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The last thing she recalled was how very cold it was when she was taken into the operating theatre for an emergency C-section. After that, she woke up, confused and disoriented at being in a hospital room with a nurse trying to hand something to her.

Two months had passed between those two moments. Mbali Mbatha had given birth to a healthy baby girl and she had made history as the first recipient of a Covid-19-related lung transplant. But Mbali (27) was unaware of it until she was brought out of a medically induced coma in February.

She only remembers of how scared she was when she gave birth on 1 December. “I felt so alone – my husband couldn’t be with me and I didn’t even get to see my baby,” she tells YOU. “I gave birth and passed out.”

A local publication understood very well that Mbali had tested positive for Covid-19 and had been admitted to hospital on 23 November last year because she was having difficulties to breathe. She had no comorbidities and was a non-smoker and fit, but doctors were worried about her ability to breathe properly. When she was 30 weeks into her pregnancy she was advised to have a C-section after she contracted pneumonia as a result of Covid-19.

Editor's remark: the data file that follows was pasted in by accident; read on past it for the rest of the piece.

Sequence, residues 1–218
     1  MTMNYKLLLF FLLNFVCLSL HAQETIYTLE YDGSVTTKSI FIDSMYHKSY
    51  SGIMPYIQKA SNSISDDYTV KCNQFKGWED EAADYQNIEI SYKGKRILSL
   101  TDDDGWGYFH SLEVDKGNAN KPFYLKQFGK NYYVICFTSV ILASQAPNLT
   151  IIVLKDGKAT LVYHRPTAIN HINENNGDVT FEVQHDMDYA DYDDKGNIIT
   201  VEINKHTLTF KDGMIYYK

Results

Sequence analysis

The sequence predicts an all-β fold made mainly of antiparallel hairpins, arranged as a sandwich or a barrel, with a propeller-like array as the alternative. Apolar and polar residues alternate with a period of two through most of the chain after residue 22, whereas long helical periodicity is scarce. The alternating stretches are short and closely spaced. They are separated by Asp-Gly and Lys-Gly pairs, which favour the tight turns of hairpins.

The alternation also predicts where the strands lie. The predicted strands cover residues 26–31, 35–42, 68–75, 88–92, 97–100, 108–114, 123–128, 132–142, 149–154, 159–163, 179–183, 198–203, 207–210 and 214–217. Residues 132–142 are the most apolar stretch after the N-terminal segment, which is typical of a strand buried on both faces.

“My obstetrician said they needed to prepare me for a C-section,” she says. If she went into labour while struggling to breathe, the risk would be too high for her and her baby, she was told. “I was scared for my baby’s life. I was given a minute to call my husband, then I was whisked into the operating theatre.”

Sizwe Mthiyane (37) was afraid that he might lose his wife and unborn child, and what was meant to be their first festive season preparing to be new parents became a nerve-racking nightmare for him.

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